Happy Fourth of July

Happy Birthday to the United States of America! As is my custom on this holiday, I encourage you to read the Declaration of Independence (signed this day in 1776) and to reflect on the ideals of government found therein. IN CONGRESS, July 4, 1776. The unanimous Declaration of the thirteen united States of America, WhenContinue reading “Happy Fourth of July”

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Book Review: The Printer and the Preacher (Petersen)

Great figures and great moments in history are often the subject of considerable (some might say endless) discussion and evaluation, especially by the communities which remember and celebrate their histories. For many Americans, this means looking back upon the Founding Fathers with reverence and respect. For many Christians, such an attitude entails studying the giantsContinue reading “Book Review: The Printer and the Preacher (Petersen)”

Book Review: Richard John Neuhaus (Boyagoda)

Biographies are intensely personal affairs, filled with the often mundane details purporting to tell the life story of some person of alleged importance. Occasionally, however, a figure of true influence will come along and change the world. In the American context, such figures have often been religious or political leaders, those two realms of discourseContinue reading “Book Review: Richard John Neuhaus (Boyagoda)”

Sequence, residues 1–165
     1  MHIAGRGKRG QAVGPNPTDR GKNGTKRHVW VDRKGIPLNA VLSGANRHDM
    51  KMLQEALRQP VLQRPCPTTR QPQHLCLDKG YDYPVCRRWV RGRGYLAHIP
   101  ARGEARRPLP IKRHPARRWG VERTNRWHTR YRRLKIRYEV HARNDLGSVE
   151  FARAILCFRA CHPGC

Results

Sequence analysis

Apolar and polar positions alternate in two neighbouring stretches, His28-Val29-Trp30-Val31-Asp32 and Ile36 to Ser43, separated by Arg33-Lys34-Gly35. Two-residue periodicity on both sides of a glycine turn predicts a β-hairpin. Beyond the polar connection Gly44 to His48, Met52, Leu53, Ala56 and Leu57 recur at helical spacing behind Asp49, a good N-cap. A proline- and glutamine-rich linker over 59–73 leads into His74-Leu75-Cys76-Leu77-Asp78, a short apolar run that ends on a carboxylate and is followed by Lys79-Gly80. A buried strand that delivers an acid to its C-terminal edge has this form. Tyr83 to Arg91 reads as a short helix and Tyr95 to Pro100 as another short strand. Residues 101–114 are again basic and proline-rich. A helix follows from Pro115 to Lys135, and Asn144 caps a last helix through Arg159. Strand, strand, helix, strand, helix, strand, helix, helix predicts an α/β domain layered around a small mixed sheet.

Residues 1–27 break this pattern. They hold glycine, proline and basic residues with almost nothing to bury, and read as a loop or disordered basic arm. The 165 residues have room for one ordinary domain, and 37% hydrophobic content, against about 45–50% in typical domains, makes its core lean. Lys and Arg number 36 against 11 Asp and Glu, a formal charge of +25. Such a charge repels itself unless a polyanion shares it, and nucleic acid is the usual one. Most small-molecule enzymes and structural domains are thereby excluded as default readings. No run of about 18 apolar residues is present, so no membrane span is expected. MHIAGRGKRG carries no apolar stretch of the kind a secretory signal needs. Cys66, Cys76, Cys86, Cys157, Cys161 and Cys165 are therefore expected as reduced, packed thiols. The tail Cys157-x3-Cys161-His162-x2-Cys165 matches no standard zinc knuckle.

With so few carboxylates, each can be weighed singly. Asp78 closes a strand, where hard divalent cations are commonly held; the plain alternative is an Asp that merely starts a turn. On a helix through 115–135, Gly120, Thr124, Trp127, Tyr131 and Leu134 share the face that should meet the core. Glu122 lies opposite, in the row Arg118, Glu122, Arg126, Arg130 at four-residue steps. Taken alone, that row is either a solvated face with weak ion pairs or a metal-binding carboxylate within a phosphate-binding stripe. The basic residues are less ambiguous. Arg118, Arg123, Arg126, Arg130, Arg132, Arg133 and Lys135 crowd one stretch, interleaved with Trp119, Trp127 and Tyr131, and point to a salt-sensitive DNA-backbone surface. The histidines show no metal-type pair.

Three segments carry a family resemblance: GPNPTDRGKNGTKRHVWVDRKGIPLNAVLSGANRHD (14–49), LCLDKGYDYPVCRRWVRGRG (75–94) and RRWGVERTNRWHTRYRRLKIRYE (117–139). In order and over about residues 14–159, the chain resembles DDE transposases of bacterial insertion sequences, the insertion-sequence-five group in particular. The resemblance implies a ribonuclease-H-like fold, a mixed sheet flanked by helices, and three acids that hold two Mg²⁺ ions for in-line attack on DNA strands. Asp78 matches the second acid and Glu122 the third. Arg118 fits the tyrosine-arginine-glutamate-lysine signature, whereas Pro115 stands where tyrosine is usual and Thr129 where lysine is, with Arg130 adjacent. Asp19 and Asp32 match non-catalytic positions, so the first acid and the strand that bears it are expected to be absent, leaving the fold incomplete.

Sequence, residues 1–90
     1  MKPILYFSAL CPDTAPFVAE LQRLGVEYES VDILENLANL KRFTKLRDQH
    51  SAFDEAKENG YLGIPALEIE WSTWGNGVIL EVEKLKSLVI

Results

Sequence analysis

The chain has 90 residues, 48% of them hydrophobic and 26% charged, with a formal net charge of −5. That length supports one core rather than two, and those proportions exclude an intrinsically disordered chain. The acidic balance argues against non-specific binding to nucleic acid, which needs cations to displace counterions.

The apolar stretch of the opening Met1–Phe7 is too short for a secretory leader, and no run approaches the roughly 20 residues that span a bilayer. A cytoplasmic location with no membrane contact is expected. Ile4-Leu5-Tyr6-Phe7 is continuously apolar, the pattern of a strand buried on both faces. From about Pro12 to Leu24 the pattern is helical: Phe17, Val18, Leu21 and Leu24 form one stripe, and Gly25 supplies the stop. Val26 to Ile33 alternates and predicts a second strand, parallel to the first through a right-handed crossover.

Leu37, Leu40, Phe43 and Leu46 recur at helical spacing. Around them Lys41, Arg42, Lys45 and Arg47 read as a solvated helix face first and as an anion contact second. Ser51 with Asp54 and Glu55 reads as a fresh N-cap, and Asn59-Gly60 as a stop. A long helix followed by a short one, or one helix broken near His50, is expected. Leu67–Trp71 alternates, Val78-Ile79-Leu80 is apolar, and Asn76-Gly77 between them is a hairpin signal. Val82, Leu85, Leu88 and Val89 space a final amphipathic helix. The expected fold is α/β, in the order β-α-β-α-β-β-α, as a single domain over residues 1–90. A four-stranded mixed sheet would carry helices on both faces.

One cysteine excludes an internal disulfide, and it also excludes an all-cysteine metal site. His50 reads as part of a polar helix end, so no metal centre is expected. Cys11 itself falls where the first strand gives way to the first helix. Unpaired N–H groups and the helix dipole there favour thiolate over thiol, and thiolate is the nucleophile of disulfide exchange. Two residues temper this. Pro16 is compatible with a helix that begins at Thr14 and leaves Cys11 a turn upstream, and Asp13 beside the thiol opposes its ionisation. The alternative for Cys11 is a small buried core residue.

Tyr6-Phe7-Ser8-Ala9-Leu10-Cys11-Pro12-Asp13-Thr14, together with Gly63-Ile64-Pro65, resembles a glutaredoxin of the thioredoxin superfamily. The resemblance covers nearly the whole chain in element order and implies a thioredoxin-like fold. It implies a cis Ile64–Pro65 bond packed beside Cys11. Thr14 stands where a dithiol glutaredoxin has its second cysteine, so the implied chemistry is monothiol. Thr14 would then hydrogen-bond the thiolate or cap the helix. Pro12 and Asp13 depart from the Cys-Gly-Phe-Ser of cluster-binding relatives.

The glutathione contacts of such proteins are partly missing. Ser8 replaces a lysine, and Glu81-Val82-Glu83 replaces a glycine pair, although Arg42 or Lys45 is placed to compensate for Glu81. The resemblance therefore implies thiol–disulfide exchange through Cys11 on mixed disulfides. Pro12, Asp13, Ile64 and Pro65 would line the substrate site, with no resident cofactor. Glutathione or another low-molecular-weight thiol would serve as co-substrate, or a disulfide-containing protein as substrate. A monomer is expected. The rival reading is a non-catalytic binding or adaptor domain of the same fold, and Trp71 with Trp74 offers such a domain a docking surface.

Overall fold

Happy Independence Day

Happy Independence Day to all those celebrating in the United States of America! In honor of our country’s “birthday” I’ve shared some quotes from the Founding Fathers. “Liberty . . . is the great parent of science and of virtue; and . . . a nation will be great in both always in proportion asContinue reading “Happy Independence Day”

A (Free) College Education for Everyone?

This article originally appeared at Conciliar Post. You may have heard that last week President Obama announced an initiative to provide “free” community college education for qualifying students, tentatively defined as those maintaining a “C” average in school. As noted several months ago here at Conciliar Post, the status quo of the American education systemContinue reading “A (Free) College Education for Everyone?”

Poems, Protest, and a Dream

Of the various perspectives within the confines of post-Reformation Church history, perhaps none is more interesting than the writings of Sor Juana Ines de la Cruz. A Catholic writer (and later a Catholic nun) living in the New World during the 15th century (xxiv), Sor Juana’s theological perspective exhibits the increasingly uneasy place of traditionalContinue reading “Poems, Protest, and a Dream”